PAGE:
Energy Materials: Dr. Catherine Dubourdieu sets up the institute “Functional Oxides for Energy-Efficient Information Technology” at the HZB

Dr. Catherine Dubourdieu is an internationally recognised expert in the field of functional oxides.

Dr. Catherine Dubourdieu is an internationally recognised expert in the field of functional oxides.

The Helmholtz-Zentrum Berlin (HZB) is boosting its energy materials research and setting up a new institute. Through the Helmholtz Recruitment Initiative, the HZB has gained renowned researcher Catherine Dubourdieu as Institute Director. In the newly established institute “Functional Oxides for Energy-Efficient Information Technology”, she is researching into thin films of metal oxides that make especially promising candidates for information technologies of the future. Dubourdieu formerly worked at the institute “Nanotechnologies de Lyon” of the CNRS and has been at the HZB since 11 April 2016.

The physicist is an internationally recognised expert in her field. After holding posts in France and the USA, she is now researching into functional oxides at the HZB. These are thin films of metal oxides that are considered an especially promising class of materials for energy-efficient components. Thin films of different metal oxides stacked together into “sandwich” structures exhibit entirely new mechanical, optical and electromagnetic properties.

The synchrotron source BESSY II offers Catherine Dubourdieu a diverse range of instruments for her energy material research. These include tools for analysing processes in energy materials in situ and in operando. In particular, Dubourdieu will install her own synthesis and analytical chamber in the Energy Materials In situ Laboratory (EMIL). The physicist is also involved in establishing the Helmholtz Energy Materials Foundry (HEMF) at the HZB. There, they are creating ultra-modern laboratories for material synthesis, which will also be available for use by external researchers.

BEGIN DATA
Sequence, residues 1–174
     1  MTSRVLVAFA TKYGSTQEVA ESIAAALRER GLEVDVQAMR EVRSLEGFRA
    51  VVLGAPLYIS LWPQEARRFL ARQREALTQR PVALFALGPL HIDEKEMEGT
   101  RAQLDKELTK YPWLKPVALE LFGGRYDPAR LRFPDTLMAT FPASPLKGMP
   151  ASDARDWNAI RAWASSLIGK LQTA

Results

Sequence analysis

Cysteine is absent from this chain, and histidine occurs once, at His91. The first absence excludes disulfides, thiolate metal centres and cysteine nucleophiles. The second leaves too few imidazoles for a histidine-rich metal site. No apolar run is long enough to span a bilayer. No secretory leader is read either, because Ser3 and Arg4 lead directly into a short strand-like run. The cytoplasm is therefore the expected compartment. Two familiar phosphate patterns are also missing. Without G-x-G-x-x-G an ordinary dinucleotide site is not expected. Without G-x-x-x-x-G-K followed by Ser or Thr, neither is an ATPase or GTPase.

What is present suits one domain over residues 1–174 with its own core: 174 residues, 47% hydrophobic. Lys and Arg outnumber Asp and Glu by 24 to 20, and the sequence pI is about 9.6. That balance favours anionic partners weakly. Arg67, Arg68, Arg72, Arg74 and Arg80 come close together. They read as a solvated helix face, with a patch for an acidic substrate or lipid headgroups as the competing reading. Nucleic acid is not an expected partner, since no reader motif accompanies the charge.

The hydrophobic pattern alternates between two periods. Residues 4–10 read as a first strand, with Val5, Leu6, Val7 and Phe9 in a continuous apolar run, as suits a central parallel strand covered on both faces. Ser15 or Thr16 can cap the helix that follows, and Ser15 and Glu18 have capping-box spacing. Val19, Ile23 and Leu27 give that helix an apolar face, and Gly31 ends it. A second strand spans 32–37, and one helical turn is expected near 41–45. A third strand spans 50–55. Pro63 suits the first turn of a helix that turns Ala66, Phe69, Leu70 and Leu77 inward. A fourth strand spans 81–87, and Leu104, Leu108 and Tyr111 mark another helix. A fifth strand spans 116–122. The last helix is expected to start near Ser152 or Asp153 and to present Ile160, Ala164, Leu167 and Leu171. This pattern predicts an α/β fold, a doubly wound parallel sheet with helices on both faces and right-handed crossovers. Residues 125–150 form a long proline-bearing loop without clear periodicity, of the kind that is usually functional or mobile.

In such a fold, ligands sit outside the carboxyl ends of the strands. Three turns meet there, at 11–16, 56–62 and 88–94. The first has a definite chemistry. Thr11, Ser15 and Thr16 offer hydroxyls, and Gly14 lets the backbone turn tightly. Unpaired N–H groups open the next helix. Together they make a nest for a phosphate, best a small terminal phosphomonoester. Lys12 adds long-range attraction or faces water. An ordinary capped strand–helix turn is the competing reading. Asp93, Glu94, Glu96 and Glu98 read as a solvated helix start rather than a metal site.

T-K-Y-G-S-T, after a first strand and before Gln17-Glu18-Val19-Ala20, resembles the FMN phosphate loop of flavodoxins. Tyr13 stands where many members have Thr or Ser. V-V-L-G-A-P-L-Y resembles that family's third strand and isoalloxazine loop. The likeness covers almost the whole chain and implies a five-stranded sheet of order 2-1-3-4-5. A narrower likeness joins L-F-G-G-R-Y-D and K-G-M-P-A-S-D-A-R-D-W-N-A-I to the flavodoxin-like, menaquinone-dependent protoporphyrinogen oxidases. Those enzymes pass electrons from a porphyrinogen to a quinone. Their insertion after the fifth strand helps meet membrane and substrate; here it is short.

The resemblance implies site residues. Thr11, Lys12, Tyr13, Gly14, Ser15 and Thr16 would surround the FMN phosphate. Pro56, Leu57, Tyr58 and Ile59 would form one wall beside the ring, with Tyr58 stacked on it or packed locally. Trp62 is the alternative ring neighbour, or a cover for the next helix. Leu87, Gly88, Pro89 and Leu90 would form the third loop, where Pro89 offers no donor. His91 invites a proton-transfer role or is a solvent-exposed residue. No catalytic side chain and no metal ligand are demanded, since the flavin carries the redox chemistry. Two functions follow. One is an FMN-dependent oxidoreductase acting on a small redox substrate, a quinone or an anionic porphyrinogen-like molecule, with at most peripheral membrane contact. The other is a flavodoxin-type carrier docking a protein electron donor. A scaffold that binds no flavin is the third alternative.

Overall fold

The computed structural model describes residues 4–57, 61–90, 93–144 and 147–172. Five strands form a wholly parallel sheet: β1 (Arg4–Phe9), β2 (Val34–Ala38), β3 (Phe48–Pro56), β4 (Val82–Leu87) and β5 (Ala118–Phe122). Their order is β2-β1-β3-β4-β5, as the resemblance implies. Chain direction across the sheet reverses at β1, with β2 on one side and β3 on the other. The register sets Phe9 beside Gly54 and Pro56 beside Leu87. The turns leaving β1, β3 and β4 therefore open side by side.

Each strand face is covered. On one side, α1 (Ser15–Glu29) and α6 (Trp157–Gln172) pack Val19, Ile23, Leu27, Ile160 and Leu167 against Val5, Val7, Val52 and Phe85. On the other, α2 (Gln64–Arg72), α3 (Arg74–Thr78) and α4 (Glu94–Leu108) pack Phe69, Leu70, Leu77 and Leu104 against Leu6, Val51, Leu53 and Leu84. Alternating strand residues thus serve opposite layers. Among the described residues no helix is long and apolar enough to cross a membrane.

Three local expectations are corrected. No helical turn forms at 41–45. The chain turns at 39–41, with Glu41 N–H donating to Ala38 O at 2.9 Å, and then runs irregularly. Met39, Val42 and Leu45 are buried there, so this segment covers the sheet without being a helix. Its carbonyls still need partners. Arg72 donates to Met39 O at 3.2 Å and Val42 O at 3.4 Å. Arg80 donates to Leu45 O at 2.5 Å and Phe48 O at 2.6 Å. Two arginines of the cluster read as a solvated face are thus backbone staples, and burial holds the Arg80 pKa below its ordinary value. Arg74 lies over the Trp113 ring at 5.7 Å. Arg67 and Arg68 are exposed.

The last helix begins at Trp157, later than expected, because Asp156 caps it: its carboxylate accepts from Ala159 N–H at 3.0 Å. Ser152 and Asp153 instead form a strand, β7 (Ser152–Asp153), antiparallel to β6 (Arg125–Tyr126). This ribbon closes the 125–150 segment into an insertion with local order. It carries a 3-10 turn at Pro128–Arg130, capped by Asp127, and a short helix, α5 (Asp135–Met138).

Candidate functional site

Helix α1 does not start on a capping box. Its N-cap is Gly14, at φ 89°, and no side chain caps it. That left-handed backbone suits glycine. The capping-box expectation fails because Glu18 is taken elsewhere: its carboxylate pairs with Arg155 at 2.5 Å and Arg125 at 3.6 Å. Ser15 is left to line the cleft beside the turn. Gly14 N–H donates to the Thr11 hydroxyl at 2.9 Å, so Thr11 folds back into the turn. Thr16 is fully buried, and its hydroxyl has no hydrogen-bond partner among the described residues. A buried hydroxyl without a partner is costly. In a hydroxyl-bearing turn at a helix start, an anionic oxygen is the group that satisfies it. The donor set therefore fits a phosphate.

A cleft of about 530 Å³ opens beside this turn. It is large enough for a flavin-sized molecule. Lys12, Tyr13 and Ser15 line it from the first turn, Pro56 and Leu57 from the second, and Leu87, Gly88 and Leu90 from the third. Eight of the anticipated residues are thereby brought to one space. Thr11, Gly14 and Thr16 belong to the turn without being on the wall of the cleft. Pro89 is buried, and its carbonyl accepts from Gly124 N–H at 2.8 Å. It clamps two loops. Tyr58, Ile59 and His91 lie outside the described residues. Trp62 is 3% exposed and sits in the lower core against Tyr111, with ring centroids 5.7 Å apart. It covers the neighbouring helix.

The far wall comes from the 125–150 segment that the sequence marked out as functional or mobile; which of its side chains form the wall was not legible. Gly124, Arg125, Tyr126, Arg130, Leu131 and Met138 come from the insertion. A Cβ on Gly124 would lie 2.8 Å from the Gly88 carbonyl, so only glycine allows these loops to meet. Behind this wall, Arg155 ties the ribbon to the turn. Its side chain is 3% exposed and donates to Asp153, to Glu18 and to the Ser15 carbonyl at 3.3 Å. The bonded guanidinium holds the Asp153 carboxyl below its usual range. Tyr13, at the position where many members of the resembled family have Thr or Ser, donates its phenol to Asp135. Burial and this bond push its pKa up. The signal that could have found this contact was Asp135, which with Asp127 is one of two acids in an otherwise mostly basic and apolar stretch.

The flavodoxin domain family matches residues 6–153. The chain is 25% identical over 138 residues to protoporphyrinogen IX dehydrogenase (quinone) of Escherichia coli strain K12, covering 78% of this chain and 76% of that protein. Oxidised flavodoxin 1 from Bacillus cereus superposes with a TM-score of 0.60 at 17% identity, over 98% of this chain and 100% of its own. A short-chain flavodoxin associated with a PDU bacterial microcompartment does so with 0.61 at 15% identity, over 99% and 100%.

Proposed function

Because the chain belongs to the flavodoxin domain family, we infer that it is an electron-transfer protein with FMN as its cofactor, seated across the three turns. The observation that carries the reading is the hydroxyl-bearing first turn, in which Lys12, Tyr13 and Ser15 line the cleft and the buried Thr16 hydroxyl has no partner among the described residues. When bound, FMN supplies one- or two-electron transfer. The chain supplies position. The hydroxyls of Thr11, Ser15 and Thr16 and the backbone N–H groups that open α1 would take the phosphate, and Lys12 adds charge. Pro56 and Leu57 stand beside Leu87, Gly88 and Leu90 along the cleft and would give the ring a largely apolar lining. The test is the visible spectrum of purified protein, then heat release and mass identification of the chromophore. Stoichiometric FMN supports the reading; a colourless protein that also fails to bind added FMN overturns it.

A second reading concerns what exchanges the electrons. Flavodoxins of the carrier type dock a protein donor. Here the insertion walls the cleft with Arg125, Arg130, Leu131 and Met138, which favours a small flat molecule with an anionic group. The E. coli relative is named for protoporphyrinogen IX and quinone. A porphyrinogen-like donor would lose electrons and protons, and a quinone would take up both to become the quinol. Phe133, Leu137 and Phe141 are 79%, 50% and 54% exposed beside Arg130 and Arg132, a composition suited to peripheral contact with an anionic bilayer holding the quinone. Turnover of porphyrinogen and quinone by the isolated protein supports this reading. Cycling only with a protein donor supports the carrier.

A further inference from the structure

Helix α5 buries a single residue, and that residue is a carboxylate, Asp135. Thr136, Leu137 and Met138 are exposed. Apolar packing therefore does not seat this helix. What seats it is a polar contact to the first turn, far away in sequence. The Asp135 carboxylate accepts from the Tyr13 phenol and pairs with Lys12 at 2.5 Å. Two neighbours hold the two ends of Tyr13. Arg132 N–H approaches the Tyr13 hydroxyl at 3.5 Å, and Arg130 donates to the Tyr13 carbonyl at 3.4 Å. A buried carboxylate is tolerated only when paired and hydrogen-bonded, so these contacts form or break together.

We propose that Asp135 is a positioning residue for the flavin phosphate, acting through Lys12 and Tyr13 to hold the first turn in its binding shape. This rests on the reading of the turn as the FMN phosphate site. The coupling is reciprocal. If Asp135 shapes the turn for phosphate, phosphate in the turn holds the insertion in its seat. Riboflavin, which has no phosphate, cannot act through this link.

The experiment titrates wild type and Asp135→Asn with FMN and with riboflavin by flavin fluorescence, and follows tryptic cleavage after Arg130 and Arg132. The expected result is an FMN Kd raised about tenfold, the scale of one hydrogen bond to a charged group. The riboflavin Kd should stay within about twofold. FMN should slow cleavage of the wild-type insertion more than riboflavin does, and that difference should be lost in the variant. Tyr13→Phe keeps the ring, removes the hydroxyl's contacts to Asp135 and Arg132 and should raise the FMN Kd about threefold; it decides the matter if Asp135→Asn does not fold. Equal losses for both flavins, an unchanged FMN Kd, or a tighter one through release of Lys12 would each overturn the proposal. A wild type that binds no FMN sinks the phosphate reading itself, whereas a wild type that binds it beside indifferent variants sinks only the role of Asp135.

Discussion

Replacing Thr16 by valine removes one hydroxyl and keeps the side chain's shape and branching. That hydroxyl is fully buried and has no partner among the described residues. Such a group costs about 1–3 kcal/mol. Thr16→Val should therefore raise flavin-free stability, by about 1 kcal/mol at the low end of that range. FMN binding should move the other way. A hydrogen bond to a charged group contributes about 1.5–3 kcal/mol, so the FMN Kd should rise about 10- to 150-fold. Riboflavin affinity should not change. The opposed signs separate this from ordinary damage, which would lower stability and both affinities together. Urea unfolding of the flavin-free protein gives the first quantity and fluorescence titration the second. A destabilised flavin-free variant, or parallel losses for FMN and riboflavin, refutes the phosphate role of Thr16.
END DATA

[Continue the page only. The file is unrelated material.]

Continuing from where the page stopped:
Catherine Dubourdieu will be collaborating closely with other HZB teams who are studying material systems for information technologies, and above all with the institute “Quantum Phenomena in Novel Materials” and the department “Materials for Green Spintronics”.

She will be giving a talk on 23 June at 1 p.m. at the Lise Meitner Campus Wannsee.

Short biography: Catherine Dubourdieu studied and received her PhD degree in physics in Grenoble.  After a postdoctoral fellowship at the Stevens Institute of Technology in Hoboken (New Jersey), she researched at the Laboratoire des Matériaux et du Génie Physique (LMGP) of the CNRS in Grenoble until 2009. Between 2009 and 2012, she was a visiting researcher at the IBM T.J. Watson Research Center in Yorktown Heights (NY, USA). There, she worked in the field of monolithic integration of ferroelectric oxides on silicon with the aim of producing energy-saving logic devices. In June 2012, she moved to the institute “Nanotechnologies de Lyon” of the CNRS, developing new projects for functional oxide research.

About the Helmholtz Recruitment Initiative
The Helmholtz Recruitment Initiative is the research organisation’s programme to support joint appointments with universities and to promote outstanding scientists. Selection criteria include, for example, internationally recognised excellence and an international background. The initiative is equal opportunity.


You might also be interested in

  • BESSY II: Localisation of d-electrons determined
    Science Highlight
    BESSY II: Localisation of d-electrons determined
    Transition metals have many applications in engineering, electrochemistry and catalysis. To understand their properties, the interplay between atomic localisation and delocalisation of the outer electrons in the d orbitals is crucial. This insight is now provided by a special end station at BESSY II with highest precision, as demonstrated by a study of copper, nickel and cobalt with interesting quantitative results. The Royal Society of Chemistry has selected the paper as a HOT Article 2022.
  • 40 years of research with synchrotron light in Berlin
    40 years of research with synchrotron light in Berlin
    Press release _ Berlin, 14 September: For decades, science in Berlin has been an important driver of innovation and progress. Creative, talented people from all over the world come together here and develop new ideas from which we all benefit as a society. Many discoveries – from fundamental insights to marketable products – are made by doing research with synchrotron light. Researchers have had access to this intense light in Berlin for 40 years. It inspires many scientific disciplines and is an advantage for Germany.

  • New road towards spin-polarised currents
    Science Highlight
    New road towards spin-polarised currents
    The transition metal dichalcogenide (TMD) series are a family of promising candidate materials for spintronics. A study at lightsource BESSY II has unveiled that in one of those materials even simple linear polarised light is sufficient to selectively manipulate spins of different orientations. This result provides an entirely new route for the generation of spin-polarised currents and is a milestone for the development of spintronic and opto-spintronic devices.